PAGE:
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Room-Temperature Magnetic Refrigeration

An Ames Laboratory Innovation Could Transform Cooling Devices Nearly all refrigeration devices work by compressing and then decompressing gases. But thanks to research at the U.S. Department of Energys Ames Laboratory, that technology may one day be replaced by an entirely different cooling method, one that uses permanent magnets and specialized alloys. The result would be refrigerators, air conditioners and giant warehouse freezers that are greener, quieter and far more energy efficient than their predecessors. Magnetic refrigeration works because of a phenomenon known as the magnetocaloric effect that was discovered tions in order to keep the overall disorder in the material the same, which causes the temperature of the metal to rise. Remove the magnet, and the temperature quickly lowers once again. All magnetic materials exhibit the magnetocaloric effect to some degree. However, with some metals, gadolinium being one, the change in temperature is far more pronounced than with others. All else being equal, the degree of temperature change depends on the strength of the magnetic field. For that reason, magnetic refrigerators have until recently used high-powered superconducting magnets that were cooled using liquid helium in order to maximize the magnetocaloric effect. These experimental refrigerators were successful at producing temperatures below 1 Kelvin, though their use was necessarily limited to laboratory applications. Stronger magnets, cheaper materials Ames Laboratory researchers Karl A. Gschneidner Jr. and Vitalij K. Pecharsky are credited with developing the first material that can work in a magnetic refrigerator able to operate at room temperature without the need for superconducting magnets or liquid helium. The pairs breakthrough opens the door to widespread commercial applications, and it came about as a result of key advances, which took place at the

Gadolinium crystals Ames Laboratory. The first was a newly designed permanent magnet created by Ames Lab researchers David Jiles and Seong-Jae Lee, along with Pecharsky and Gschneidner. Their magnet was configured in such a way as to produce a magnetic field nearly double that of previous designs. This greatly enhanced the devices efficiency. To further enhance a magnetic refrigerators efficiency, Gschneidner and Pecharsky needed to boost gadoliniums magnetocaloric effect. They and their colleagues did this by adding silicon and germanium to the metal. Equally important, the resulting Gd5Si2Ge2 alloy was produced using commercial grade gadolinium (as opposed to research CONTACT INFORMATION: Steve Karsjen Public Affairs 515-294-9557 111 TASF, Ames, IA 50011-3020

A rotating magnetic refrigerator developed by Astronautics Corporation of America Ltd. in collaboration with the Ames Laboratory. in the 1880s. When a magnet comes in close contact to a metal, its field quickly aligns the metals unpaired electrons, i.e. magnetic spins. Constrained by the field from moving about freely, the magnetic spins result in enhanced lattice vibraU.S. DEPARTMENT OF


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grade) via a process the Ames Laboratory researchers devised. This enabled the team to create larger quantities of the material, and it suggested that commercial-scale production of the gadolinium alloy could be done economically.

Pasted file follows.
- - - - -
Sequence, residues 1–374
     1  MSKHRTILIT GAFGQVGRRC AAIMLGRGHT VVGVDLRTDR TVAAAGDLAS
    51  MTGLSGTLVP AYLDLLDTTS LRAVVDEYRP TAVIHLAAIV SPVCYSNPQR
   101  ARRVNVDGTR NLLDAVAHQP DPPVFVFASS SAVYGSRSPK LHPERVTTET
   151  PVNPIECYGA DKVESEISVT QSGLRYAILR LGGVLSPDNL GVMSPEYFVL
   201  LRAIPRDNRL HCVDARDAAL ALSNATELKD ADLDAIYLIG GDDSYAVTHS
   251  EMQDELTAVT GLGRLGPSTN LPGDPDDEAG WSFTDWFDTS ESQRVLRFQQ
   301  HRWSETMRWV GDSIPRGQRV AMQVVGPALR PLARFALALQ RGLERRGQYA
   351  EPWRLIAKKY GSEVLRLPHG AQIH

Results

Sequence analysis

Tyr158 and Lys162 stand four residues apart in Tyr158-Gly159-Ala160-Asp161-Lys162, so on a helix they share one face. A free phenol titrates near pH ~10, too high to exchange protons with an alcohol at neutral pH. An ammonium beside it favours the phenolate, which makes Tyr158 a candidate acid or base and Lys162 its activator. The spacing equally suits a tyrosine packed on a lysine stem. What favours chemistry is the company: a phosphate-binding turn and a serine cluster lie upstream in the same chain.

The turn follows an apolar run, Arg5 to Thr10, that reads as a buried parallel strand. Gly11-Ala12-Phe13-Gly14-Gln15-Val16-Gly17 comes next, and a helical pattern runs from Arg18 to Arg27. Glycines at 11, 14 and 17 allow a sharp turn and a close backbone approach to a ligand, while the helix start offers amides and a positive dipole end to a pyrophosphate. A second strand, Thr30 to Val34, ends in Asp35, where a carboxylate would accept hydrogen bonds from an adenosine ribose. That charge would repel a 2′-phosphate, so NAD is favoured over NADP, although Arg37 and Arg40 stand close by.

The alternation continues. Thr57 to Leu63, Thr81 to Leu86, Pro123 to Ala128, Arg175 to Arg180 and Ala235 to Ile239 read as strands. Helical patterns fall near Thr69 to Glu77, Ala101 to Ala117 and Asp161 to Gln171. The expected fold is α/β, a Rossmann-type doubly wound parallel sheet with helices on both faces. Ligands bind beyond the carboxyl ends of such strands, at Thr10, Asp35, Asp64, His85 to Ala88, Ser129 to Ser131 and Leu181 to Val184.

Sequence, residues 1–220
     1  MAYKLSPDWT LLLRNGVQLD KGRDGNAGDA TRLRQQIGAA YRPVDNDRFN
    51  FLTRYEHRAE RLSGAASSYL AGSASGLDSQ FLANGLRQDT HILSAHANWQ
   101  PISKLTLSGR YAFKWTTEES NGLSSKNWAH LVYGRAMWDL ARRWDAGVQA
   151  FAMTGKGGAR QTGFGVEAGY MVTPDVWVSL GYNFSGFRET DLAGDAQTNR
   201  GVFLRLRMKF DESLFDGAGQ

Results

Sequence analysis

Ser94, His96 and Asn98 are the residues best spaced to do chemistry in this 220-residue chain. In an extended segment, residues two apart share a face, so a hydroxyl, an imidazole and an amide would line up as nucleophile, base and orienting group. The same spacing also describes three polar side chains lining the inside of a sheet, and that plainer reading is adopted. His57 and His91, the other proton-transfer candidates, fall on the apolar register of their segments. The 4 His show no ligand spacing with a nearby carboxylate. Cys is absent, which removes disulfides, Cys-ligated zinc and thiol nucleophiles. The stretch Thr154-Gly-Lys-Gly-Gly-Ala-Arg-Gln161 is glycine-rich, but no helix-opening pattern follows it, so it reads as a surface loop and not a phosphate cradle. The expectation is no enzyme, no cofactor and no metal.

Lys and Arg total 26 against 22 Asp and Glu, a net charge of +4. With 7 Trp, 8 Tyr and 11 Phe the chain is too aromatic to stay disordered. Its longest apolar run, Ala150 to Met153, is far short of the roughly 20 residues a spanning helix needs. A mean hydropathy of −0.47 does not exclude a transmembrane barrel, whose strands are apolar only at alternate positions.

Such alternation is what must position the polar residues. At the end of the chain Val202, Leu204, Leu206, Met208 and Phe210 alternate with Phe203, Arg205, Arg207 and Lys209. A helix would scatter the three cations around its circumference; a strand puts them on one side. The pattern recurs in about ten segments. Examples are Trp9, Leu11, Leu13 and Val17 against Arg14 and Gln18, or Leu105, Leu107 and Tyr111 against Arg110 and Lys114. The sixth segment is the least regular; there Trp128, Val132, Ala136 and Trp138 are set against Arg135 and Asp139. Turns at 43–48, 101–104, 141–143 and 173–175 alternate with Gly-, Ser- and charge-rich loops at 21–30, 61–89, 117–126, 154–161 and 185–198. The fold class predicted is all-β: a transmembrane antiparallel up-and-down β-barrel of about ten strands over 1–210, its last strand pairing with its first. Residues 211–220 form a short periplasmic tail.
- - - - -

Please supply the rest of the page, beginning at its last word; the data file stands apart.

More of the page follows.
As the gadolinium alloy leaves the magnetic field, the material cools further. A second stream of water is itself cooled by the gadolinium alloy. This water is then circulated through the refrigerators cooling coils. Global implications While Gschneidner and Pecharskys prototype was a landmark event in the field of magnetic refrigeration, it would likely remain nothing more than a curiosity were it not for the fact that the teams device is more energy efficient and environmentally friendly than virtually any conventional refrigerator on the market today. Because the relatively inexpensive permanent magnet handles the cooling without the need for additional energy input, electricity is only needed to turn the wheel and circulate the streams of water. For its part, water, even when combined with an environmentally friendly antifreeze, is more benign than the chemical coolants presently in use. Over the long term, the savings in energy and the resulting decrease in greenhouse gases and other potential environmental damage could be enormous. As emerging nations rapidly adopt the commercial, home and vehicle cooling devices that are a fundamental part of the developed world, the Ames Laboratory discoveries could spawn an entirely new and much-needed industry.

An artists rendition of a rotary refrigerator.

A rotating magnetic refrigerator developed by Astronautics Corporation of America Ltd. in collaboration with the Ames Laboratory. As a next step, the Ames Lab team incorporated their groundbreaking magnet and gadolinium alloy into a prototype device, developed in collaboration with Astronautics Corporation of America. The refrigerator consists of a wheel that contains sections filled with the gadolinium alloy. The wheel revolves around a high-powered, rare-earth permanent magnet. As it revolves, it passes through a gap in the magnet at the precise point where the magnetic field is concentrated. When exposed to this field, the gadolinium alloy in the wheel heats up. After entering the field, water is circulated to draw the heat out of the metal.



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